Our first "definition" of ℕ will characterize it in a set theoretical framework. This way of starting to formalize ℕ now may look circular, as we already used natural numbers as arities of operation symbols of algebras, of which arithmetic is a particular case. But this case only uses operation symbols with arity 0, 1 or 2, for which previous definitions might as well be specially rewritten without any general reference to numbers.

The interpretation of *S* there is called the *successor*, understood as adding one
unit (*Sn*=*n*+1).

∀n∈ℕ, Sn ≠ 0 |
(H0), i.e. 0 ∉ Im S |

∀n,p∈ℕ, Sn =
Sp ⇒ n = p |
(Inj), i.e. S is injective |

∀A⊂ℕ, (0∈A ∧ ∀n∈A,Sn∈A)
⇒ A=ℕ |
(Ind) : induction axiom (ℕ is a minimal (0,S)-algebra). |

We can define 1=*S*0, 2=*SS*0...

In particular, a

*u*_{0}=*a*

∀*n*∈ℕ, *u*_{Sn} = *f*(*u _{n}*).

As an element of a ground term {0,

f^{ 0}(a) = af^{ 1}(a) = f(a)f^{ 2}(a) = f(f(a)) |

∀

More generally, for any functions

*n* + 0 = *n*

∀*p*∈ℕ, *n*+*S*(*p*) = *S*(*n*+*p*).

∀*n,p*∈ℕ , *f ^{ n+p}* =

It is also commutative as it is generated by 1 which commutes with itself.

Multiplication in ℕ can be defined as *x*⋅*y* =
(*S ^{x}*)

∀x∈ℕ,x⋅0 = 0

∀x,y∈ℕ,x⋅(Sy) = (x⋅y)+x

More generally, for any *a*∈*E* and *f*∈ *E ^{E}*,
we have

∀*f*,*g*∈
*E ^{E}*,

Commutativity was just here to show that composing

(*f*^{ Sn})^{-1} =
(*f*^{n})^{-1}০*f*.

- the set ℤ = ℕ ∪ -ℕ, where natural numbers (in ℕ) are
called
*positive*, and-ℕ= {-

is a copy of ℕ called the set of negative integers (where -*n*|*n*∈ℕ}*n*is the*opposite*of*n*), only intersecting ℕ at -0 = 0. - The interpretation of
*S*in ℕ is extended to a permutation of ℤ by ∀*n*∈ℕ,*S*(-*Sn*)= -*n*, thus letting Gr*S*_{ℤ}be the union of Gr*S*_{ℕ}with its transposed copy in -ℕ.

Proof: the {0,*S*}-morphism condition requires on ℕ the same *n* ↦ *f ^{ n}* as above;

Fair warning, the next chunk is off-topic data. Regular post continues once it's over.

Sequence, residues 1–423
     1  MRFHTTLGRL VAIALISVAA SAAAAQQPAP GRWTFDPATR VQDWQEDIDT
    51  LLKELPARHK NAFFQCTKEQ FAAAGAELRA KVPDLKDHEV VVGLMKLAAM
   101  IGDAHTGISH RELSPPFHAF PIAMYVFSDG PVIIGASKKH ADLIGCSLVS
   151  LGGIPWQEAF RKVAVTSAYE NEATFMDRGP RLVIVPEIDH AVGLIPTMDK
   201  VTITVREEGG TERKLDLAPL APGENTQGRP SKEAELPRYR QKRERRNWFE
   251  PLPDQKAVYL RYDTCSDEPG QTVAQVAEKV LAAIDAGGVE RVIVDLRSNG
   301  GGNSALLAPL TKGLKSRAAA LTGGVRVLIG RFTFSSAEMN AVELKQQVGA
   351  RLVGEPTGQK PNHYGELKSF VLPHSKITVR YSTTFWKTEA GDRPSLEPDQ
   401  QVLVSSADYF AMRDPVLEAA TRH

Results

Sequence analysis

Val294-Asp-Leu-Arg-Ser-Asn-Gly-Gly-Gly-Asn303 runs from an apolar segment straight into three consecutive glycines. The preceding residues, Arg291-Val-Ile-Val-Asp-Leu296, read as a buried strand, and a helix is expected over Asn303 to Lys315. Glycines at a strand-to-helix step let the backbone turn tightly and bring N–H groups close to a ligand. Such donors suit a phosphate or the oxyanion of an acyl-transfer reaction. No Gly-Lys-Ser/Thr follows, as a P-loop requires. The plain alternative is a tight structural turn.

on -ℕ, it recursively defines

*f*^{ -0}= Id_{E}=*f*^{ 0}- ∀
*n*∈ℕ,*f*^{ -n}=*f*০*f*, equivalently^{ -Sn}*f*^{ -1}০*f*^{ -n}=*f*^{ -Sn}

This monoid is commutative because it is generated by {-1, 1}, which commute: (-1)+1=0=1+(-1).

It is a group: (-

For any algebraic language

The version we saw was formalized by giving the term in the recursive definition as an

∀(*s*,*x*)∈*L*⋆*E*,
*u*(*s _{E}*(

*u*(*s _{E}*(

The first component (φ

Id

It is then possible to conclude by re-using the previous result of existence of interpretations:

IfBut one can do without it, based on the following property of thisEis a closed termL-algebra then ∃!f∈ Mor(E,E×F), which is of the form Id_{E}×ubecause π০f∈ Mor(E,E) ∴ π০f= Id_{E}.

∀*u*∈*F*^{E}, Id_{E}×*u*
∈ Mor_{L}(*E*, *E*×*F*) ⇔ Gr *u*
∈ Sub_{L}(*E*×*F*)

- ⇒ is a case of image of an algebra by a
morphism, Gr
*u*= Im (Id_{E}×*u*). -
For the converse, the inverse of the bijective morphism π
_{|Gr u}∈ Mor_{L}(Gr*u*,*E*) is a morphism Id_{E}×*u*∈ Mor_{L}(*E*, Gr*u*) ⊂ Mor_{L}(*E*,*E*×*F*).

Now if

Any other subalgebra of

Set theory and foundations of mathematics

1. First foundations of mathematics

2. Set theory (continued)

3.1. Morphisms of relational systems and concrete categories4. Model Theory

3.2. Algebras

3.3. Special morphisms

3.4. Monoids

3.5. Actions of monoids

3.6. Categories

3.7. Algebraic terms and term algebras

3.8.Integers and recursion

3.9. Arithmetic with addition